Academic journal article Justice System Journal

Time Served in State Supreme Courts: Mapping the Determinants of Judicial Seniority*

Academic journal article Justice System Journal

Time Served in State Supreme Courts: Mapping the Determinants of Judicial Seniority*

Article excerpt

This study compares judicial seniority in state supreme courts by evaluating the conditions in which the political opportunity structures of state courts influence the length of judicial service. Characteristics of the political opportunity structure include factors that place the careers of judges at risk, reward judges for service, and determine the costs for remaining on courts. The results reveal that methods for keeping judges on courts and the structural features of state court systems strongly affect judicial tenure. The results also have important implications for state methods of judicial retention. Whereas appointed judges enjoy relatively safe and prolonged careers, judges serving in more attractive elective courts have shorter careers.

Observers of the American state courts frequently reflect on the characteristics of judges and how states and their varied court structures influence those who serve.1 From the racial background of judges to the experience of judges before serving on courts, questions surface about the effects of state methods of judicial selection and retention on judicial attributes (Bratton and Spill, 2002; Canon, 1972; Hurwitz and Lanier, 2003) and whether representation on courts is linked to judicial backgrounds (Gryski, Main, and Dixon, 1986; Songer and Crews-Meyer, 2000; Steffensmeier and Britt, 2001). Prior research provides vital commentary about the race, gender, religion, and prior experience of judges, as well as the distinct effects of judicial selection and retention methods on those characteristics. An attribute of judges that has not received sufficient attention, however, is the seniority of judges serving in state supreme courts. While interest has been directed to the effects of seniority, with seniority tied to the behavior of judges in both the federal (Hagle, 1993; Snyder, 1958) and state (Boyea, 2010; Brace and Hall, 1993) courts, to fully understand the influence of seniority, attention must be directed at how the structures of judicial office either encourage or restrict seniority. Therefore, within this analysis seniority is mapped as an interplay of state and court features that structure risk to careers, the value of office, and the costs of service.

Throughout this analysis, the essential role of state methods of judicial retention is emphasized as an influence on the seniority characteristics of judges. Speculation about the effects of judicial selection and retention methods (appointment versus election) on the characteristics of judges has led to a well-developed body of literature (Alozie, 1996; Bonneau, 2001; Boyea, 2007; Bratton and Spill, 2002; Canon, 1972; Glick and Emmert, 1987; Hurwitz and Lanier, 2003; Langer and Wilhelm, 2005). While support for the effects of judicial selection and retention methods was initially muted (Canon, 1972; Glick and Emmert, 1987), confirmation of their influence later emerged in relation to a judge's gender (Bratton and Spill, 2002; Hurwitz and Lanier, 2003), race (Hurwitz and Lanier, 2003), and ideological preferences (Boyea, 2007). Relating to a judge's personal attributes, individuals encounter different pathways to state courts where states use elections or appointments. Tied to the characteristics of race, minority candidates struggle to gain entry to state supreme courts where states employ elections rather than appointments (Hurwitz and Lanier, 2003). Moreover, female candidates successfully gain access to courts where liberal (Hurwitz and Lanier, 2003) or Democratic (Bratton and Spill, 2002) governors control the nomination process. Related to the ideological characteristics of state courts, elections produce courts with principally like-minded judges, while appointive processes contribute to courts with more varied ideological preferences (Boyea, 2007). 2 Resulting from these studies, the empirical linkage between methods of judicial retention and the descriptive characteristics of state benches is more fully understood. …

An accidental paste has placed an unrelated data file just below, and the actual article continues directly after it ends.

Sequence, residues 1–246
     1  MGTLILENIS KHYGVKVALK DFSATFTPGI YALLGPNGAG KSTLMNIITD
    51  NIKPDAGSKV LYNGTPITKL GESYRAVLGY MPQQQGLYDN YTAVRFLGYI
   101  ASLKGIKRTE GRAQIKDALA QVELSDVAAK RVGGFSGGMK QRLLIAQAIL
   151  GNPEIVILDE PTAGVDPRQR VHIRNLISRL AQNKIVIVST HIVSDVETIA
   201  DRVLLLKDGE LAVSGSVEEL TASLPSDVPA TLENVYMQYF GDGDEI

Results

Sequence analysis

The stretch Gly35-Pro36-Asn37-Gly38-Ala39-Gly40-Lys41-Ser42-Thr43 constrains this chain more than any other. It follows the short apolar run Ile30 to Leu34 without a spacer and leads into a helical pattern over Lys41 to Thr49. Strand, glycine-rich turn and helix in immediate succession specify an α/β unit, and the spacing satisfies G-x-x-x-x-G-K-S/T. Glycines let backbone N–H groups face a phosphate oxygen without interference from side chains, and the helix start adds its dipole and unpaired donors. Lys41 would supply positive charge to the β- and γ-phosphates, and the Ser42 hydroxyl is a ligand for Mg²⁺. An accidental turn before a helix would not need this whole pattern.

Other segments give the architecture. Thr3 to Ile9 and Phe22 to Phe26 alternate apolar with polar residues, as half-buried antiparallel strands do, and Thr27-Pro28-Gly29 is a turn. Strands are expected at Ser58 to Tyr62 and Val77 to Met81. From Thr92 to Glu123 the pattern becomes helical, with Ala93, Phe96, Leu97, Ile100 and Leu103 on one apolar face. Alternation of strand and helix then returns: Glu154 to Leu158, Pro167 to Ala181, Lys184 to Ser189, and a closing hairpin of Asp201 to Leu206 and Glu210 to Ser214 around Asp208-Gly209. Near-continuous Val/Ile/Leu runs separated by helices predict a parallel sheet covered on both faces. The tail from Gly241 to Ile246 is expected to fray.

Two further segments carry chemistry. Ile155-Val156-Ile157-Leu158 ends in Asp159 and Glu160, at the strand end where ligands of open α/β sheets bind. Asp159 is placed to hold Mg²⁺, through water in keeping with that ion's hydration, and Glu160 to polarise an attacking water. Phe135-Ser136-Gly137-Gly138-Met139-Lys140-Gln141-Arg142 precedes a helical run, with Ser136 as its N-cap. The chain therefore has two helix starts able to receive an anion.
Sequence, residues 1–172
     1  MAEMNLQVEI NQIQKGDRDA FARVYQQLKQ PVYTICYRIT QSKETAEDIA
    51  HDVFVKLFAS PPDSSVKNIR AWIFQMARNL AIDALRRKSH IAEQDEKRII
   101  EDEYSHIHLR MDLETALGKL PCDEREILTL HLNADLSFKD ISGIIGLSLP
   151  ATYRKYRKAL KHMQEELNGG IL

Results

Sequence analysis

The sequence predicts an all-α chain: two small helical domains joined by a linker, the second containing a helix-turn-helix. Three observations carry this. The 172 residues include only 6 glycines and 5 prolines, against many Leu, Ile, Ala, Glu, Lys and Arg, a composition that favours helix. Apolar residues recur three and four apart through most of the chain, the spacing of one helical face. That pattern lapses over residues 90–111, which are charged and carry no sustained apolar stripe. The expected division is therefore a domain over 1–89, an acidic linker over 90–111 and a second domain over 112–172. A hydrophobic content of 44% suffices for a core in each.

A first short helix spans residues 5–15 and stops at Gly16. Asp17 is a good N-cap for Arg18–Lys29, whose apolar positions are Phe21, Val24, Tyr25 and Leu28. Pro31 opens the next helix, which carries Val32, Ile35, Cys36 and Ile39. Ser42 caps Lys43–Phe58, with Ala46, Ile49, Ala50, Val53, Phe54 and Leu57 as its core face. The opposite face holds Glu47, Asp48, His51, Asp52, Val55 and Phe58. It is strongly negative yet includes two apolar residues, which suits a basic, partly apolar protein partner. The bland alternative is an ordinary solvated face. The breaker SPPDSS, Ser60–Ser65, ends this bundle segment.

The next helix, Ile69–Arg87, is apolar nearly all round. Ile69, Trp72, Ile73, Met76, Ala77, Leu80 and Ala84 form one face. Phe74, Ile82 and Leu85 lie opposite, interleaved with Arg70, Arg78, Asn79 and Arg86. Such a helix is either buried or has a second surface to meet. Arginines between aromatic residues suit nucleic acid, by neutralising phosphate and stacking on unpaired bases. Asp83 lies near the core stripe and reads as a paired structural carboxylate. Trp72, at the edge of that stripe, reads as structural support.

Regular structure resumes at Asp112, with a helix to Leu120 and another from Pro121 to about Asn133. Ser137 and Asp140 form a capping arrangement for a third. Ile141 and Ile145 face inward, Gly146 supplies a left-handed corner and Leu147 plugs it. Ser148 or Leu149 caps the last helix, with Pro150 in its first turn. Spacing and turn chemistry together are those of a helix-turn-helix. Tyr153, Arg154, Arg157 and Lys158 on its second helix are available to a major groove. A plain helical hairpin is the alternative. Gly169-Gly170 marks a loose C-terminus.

Search by... Author
Show... All Results Primary Sources Peer-reviewed

Oops!

An unknown error has occurred. Please click the button below to reload the page. If the problem persists, please try again in a little while.